Users' Guide to the Birth Indexes
1. What areas are covered by the indexes?
These records are now held at many separate register offices:
The Registration Districts in Bath have changed considerably since 1837, and very few records are now held at the offices where they were initially registered.
For the purposes of registering births, Bath was divided into dozens of Registrar's Sub-Districts. A full list of the Sub-Districts included in the database so far can be found on the Coverage of the Birth Indexes page, which also shows the years for which the records have been indexed, and the places included within each Sub-District.
Because there are separate sets of records for each Sub-District, the dates covered will vary. But more information will be added to the database as soon as it becomes available, and the latest additions will be noted on the Updates page.
2. What information is contained in the indexes?
From the indexes, you can find out:
(a) The Name of the child, as shown in the registers. If the child's parents were unmarried, and both are named on the certificate, then the child should be indexed under both surnames. Some children had not been given forenames by the time of registration, and are simply recorded as 'Male' or 'Female'. (b) The Year in which the birth was registered. Remember that the year relates to when the child was registered, and that a child born in December 1849 may not have been registered until January or February 1850, for example. (c) The Sub-District where the birth was registered,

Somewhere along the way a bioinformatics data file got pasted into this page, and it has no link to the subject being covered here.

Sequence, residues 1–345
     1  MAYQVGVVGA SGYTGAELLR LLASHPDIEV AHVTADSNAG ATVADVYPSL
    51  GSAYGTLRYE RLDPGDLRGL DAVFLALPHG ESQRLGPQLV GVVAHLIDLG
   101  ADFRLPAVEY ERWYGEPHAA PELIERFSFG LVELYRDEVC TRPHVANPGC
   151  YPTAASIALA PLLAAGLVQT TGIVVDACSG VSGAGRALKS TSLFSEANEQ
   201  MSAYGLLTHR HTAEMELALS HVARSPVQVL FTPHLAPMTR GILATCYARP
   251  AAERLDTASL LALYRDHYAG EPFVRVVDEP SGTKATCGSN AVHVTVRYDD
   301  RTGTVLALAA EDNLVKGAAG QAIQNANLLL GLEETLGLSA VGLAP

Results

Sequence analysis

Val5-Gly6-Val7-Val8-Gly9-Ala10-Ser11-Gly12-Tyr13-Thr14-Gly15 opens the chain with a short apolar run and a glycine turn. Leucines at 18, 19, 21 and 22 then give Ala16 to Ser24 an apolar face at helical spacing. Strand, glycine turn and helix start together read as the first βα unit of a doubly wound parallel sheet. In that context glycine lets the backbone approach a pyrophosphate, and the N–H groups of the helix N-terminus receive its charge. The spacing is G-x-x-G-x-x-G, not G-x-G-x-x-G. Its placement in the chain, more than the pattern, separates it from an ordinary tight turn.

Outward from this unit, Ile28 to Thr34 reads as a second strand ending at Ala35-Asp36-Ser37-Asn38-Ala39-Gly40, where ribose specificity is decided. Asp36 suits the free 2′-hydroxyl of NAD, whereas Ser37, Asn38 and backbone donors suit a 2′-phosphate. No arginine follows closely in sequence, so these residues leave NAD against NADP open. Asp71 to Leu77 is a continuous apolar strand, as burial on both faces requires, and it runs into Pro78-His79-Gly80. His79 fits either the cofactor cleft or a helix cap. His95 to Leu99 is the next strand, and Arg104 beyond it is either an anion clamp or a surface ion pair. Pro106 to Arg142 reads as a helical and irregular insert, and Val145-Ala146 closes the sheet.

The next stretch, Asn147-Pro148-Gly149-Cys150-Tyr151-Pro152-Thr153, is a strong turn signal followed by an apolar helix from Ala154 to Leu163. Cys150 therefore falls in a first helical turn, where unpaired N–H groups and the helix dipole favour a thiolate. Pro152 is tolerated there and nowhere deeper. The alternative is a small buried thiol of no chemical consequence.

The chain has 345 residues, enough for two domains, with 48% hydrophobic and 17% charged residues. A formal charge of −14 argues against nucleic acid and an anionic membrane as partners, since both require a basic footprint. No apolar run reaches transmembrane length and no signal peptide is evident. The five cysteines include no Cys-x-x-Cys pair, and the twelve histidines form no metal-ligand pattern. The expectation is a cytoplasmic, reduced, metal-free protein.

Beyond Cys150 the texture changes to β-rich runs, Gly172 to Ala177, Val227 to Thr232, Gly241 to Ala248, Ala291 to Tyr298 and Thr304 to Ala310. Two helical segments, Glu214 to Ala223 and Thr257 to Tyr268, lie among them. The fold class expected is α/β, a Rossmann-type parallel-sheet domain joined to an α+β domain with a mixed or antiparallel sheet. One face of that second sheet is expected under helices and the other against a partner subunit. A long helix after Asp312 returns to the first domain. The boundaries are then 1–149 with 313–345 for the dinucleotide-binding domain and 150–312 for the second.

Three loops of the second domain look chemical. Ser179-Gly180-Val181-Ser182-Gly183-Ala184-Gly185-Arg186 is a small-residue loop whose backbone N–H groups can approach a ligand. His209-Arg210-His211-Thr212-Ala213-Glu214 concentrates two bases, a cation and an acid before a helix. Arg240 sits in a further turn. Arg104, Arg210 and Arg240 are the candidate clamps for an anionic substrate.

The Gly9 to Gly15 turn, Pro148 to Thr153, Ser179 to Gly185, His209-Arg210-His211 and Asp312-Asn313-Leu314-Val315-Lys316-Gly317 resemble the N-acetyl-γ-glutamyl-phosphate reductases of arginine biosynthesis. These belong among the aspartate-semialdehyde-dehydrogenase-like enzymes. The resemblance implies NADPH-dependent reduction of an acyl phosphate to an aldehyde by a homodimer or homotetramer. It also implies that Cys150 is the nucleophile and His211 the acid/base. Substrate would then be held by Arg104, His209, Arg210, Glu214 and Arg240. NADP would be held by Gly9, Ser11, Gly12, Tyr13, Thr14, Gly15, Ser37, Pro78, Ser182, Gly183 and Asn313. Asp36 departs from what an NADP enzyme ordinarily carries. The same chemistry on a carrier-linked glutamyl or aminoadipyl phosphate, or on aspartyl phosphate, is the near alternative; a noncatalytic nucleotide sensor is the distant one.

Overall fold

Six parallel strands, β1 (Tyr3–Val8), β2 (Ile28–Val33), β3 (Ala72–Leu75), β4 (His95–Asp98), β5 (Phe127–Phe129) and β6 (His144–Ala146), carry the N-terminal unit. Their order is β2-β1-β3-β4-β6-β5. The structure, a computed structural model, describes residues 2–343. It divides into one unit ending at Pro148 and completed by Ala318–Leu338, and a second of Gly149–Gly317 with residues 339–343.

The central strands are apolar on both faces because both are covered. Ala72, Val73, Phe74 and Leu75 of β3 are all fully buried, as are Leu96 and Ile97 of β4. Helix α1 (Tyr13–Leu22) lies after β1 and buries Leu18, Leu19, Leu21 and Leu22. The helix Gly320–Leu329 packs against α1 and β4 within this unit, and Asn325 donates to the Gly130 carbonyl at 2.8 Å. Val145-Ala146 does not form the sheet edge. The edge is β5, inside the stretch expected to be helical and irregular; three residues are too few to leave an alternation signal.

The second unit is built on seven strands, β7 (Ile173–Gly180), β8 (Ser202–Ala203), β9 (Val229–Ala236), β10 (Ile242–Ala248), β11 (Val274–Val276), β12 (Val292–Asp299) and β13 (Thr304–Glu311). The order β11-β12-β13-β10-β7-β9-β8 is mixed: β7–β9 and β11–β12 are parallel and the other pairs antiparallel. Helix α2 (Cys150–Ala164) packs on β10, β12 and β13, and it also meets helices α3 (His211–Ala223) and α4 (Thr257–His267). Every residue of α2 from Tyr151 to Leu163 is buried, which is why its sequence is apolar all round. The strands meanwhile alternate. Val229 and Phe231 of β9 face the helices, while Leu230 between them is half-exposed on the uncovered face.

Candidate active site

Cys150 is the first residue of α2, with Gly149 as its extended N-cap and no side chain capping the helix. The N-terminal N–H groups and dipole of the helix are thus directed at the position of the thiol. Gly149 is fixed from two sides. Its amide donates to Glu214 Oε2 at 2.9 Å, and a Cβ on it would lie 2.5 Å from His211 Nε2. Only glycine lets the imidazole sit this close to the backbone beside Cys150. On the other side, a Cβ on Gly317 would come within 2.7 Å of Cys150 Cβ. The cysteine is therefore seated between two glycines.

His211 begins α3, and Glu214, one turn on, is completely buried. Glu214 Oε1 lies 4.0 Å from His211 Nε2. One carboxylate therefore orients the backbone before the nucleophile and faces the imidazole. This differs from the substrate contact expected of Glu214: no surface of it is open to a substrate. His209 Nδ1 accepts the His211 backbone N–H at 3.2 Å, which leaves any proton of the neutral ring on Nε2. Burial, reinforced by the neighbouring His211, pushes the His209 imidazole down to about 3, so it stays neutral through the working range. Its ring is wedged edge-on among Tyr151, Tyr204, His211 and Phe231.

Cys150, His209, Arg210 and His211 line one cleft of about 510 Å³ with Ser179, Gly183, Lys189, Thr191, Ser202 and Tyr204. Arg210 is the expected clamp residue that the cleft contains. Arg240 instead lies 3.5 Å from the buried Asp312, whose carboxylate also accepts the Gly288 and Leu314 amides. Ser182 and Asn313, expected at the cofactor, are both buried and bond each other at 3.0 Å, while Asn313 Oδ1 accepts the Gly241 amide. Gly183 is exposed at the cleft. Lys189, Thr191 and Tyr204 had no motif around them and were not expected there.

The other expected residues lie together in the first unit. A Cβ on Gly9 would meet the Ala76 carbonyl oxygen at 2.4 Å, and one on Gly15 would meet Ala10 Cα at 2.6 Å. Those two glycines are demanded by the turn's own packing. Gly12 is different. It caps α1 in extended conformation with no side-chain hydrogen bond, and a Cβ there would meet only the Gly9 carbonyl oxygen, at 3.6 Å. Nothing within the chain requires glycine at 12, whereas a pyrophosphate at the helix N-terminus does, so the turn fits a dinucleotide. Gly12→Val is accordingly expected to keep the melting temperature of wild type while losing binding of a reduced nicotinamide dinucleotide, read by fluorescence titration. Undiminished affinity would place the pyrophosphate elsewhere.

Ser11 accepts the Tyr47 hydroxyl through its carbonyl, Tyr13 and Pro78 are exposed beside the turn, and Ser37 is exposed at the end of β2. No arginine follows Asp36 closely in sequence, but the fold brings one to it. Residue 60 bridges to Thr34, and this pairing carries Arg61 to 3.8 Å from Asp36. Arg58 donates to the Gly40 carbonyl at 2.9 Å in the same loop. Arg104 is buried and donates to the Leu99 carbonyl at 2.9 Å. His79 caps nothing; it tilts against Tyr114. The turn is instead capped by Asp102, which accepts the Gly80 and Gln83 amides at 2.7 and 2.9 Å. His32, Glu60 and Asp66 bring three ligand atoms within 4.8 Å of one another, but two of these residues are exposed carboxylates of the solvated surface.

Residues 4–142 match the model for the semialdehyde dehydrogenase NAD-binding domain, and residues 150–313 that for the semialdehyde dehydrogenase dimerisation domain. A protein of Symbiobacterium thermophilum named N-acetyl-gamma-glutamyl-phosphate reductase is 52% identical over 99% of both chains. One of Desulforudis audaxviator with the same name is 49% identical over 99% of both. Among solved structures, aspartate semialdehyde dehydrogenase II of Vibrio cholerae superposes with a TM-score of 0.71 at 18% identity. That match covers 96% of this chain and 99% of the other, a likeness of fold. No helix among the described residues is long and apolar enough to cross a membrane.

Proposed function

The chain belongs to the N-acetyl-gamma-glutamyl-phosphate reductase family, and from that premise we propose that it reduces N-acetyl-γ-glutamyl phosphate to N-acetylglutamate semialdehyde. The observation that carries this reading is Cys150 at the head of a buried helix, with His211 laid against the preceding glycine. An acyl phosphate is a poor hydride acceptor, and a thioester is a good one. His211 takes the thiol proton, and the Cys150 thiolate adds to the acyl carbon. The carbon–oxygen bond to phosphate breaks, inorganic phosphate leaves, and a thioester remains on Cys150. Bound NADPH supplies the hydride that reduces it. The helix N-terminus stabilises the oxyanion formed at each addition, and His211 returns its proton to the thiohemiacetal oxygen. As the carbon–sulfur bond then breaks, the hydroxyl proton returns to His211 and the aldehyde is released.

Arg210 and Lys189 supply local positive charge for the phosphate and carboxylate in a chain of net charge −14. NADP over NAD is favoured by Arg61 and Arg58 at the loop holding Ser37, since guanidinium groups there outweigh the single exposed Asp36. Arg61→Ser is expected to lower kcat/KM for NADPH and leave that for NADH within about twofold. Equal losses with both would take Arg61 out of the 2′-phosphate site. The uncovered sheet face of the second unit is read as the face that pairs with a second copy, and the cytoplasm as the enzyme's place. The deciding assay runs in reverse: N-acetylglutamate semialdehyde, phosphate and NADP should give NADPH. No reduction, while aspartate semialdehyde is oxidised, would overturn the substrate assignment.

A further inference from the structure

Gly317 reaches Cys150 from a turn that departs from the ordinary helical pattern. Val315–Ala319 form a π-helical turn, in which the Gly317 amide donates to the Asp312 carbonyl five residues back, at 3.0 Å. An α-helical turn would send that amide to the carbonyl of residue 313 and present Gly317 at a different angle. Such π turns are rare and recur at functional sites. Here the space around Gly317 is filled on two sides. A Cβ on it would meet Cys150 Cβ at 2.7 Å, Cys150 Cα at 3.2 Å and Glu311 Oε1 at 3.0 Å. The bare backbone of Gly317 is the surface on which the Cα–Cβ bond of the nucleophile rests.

which should be the same as where the child was born. There is a list showing the places within each Sub-District. (d) The Register Office in Bath which now holds the records. There have been a large number of boundary changes between districts since the start of registration in 1837, and as a result many records have been moved around. (e) The Registrar's Reference Number for the birth entry, which can be used to order the birth certificate. It is important to note that this is only applicable at the register office which holds the records, and is of no use anywhere else.
Please bear in mind that until recently the main purpose of these indexes was to supply certified copies of entries in registers. They were therefore written to help the registrar find an entry on information supplied by the applicant for the certificate. Consequently, they do not always provide information in an ideal form for family historians.
3. How do I order a birth certificate?
If you find an entry you are interested in, it is possible to order a birth certificate, which is a copy of the full entry from the original register. This normally contains the following information:
- Date and place of birth
- Forename(s) of the child
- Sex of the child
- Name and surname of the father
- Name, surname and maiden name of the mother
- Father's occupation
- The name and address of the person registering the birth
- Date of registration
Applications for certified copies of the birth entries should be made to: